Global Water Dances uses dance as a social tool to to bring people in a cheerful way together and integrate dance with the vital issue of clean water for all people and all life on earth. A party with a message that goes around the whole world on June20th (the longest day of the year).

waterdanceGlobal Water Dances began with a small group of students non-verbal communication who use community dance to create social cohesion. They started the idea in July 2008 at Schumacher College in England. Global Water Dances is the global event first launched in June 2011.
Participation in planning local events on Global Water Dances is open to anyone who likes to move.

The second overall performance was conducted on June 15th in 2013. On that day were a series of dance focused on water issues conducted in several places around the world. It remains an artistic initiative, focused on the critical need for safe drinking water. It allows participants to make a local connection to the global community and work to ensure that all people have access to clean drinking water so that the water we drink and flows through our bodies sustains us and causes us no harm.

The event consists of 4 parts:
I. A ritual or a ceremony, which is specific for each location.

II. A water dance created by local choreographers with local music around local problems with water.

III. A global choreography by all artists worldwide on the same track, connecting the participants and the public worldwide. (The music can be downloaded from the 'choreographers page’, you can see the video and the written instructions for the choreography.)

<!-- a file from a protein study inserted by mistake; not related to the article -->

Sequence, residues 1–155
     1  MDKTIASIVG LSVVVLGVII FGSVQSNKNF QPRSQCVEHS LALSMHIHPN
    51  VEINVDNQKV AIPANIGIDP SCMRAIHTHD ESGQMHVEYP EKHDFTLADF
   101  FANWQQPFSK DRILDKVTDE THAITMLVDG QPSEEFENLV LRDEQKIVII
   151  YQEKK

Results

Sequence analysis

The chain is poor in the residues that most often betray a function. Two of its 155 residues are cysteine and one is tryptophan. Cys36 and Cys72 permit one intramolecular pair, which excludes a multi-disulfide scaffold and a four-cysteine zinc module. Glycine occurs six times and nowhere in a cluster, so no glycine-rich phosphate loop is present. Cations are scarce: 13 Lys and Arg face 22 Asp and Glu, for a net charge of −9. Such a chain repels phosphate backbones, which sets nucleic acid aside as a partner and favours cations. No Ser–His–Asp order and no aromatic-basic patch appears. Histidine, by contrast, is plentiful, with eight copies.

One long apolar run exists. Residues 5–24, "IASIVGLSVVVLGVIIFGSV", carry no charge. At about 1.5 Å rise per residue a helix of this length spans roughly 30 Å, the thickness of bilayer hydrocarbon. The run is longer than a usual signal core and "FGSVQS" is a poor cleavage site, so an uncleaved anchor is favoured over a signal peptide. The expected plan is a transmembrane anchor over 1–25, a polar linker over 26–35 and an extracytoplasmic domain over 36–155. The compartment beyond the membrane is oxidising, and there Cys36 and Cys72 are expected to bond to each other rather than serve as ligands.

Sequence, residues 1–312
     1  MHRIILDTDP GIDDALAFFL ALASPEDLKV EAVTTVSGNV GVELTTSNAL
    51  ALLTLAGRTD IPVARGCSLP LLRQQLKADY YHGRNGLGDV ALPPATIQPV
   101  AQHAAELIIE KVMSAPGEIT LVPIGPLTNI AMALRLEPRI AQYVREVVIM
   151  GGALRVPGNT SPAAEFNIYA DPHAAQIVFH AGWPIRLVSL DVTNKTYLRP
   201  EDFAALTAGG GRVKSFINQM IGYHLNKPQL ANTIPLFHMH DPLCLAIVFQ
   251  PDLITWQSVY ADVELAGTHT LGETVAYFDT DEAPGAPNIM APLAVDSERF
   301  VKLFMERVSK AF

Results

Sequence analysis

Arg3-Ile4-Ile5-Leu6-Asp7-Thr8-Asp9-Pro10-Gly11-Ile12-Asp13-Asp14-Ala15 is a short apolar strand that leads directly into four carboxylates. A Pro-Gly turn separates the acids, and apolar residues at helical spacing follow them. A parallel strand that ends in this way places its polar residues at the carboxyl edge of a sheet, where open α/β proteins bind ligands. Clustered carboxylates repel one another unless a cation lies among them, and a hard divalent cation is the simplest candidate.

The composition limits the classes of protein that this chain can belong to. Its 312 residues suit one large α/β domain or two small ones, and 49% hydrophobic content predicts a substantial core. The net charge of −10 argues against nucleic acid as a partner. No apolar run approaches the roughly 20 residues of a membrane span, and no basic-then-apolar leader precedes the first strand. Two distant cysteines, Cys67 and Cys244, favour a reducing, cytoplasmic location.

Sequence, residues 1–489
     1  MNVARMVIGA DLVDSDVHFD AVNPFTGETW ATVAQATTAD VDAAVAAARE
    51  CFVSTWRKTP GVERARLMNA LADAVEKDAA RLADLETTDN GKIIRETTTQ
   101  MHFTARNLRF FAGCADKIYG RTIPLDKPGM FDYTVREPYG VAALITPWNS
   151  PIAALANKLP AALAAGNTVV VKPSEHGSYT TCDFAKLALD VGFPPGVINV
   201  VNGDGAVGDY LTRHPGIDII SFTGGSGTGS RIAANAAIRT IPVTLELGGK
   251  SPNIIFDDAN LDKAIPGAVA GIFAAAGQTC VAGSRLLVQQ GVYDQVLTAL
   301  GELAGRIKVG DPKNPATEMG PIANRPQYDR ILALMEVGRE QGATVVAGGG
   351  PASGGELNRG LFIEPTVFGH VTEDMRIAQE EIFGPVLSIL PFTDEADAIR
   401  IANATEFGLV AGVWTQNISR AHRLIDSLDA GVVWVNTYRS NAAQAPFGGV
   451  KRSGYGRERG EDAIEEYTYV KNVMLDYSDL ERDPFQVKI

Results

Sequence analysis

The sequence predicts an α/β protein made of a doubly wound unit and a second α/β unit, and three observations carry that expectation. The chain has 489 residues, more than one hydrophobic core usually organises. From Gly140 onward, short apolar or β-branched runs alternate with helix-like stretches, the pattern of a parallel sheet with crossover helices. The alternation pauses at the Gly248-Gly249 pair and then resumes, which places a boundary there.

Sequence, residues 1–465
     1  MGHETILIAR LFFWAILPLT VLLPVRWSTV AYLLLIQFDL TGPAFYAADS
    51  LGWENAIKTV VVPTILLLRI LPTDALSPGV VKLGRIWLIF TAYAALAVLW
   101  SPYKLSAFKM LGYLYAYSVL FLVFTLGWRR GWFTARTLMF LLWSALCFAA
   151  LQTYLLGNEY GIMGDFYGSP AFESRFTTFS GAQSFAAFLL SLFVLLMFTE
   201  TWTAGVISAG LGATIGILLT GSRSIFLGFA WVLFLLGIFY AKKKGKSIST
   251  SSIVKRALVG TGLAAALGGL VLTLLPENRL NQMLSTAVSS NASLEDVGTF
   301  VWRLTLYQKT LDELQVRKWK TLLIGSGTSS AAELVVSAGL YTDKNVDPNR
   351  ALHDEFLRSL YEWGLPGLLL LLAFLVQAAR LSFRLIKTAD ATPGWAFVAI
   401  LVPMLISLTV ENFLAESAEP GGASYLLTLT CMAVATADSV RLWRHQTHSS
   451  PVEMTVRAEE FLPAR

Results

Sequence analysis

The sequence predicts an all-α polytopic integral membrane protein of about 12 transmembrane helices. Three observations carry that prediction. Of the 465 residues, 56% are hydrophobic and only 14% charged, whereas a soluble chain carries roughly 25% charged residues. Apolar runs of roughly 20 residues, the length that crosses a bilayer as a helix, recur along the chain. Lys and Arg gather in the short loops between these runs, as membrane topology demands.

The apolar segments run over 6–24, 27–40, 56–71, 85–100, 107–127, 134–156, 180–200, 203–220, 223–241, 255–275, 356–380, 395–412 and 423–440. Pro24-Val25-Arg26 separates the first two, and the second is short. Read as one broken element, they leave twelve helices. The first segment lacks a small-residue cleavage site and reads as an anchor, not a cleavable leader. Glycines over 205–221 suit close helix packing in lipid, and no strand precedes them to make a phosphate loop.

IV. Participation by the public in a very simple dance. The movements can be taught on site or prior already have been learned.

Only 2.5% of the water in the world is fresh water.
And of that 2.5%, most of the world’s fresh water is not easily accessible or available. A minuscule 0.4% is in surface waters of lakes and rivers, and as moist air. As many as 69.5% is frozen in glaciers, snow and permafrost. And 30.1% is in underground aquifers.
One billion people, approximately one person in eight has no access to clean water.

Climate change, environmental pollution, intensive farming, sprays, fracking ..., There is less and less clean water available.
If the Global Water Dances makes more people aware of this to work together to improve the situation, that is certainly a good initiative to follow. London, Berlin,... also did already.

More places and opportunities to participate next year also can be found on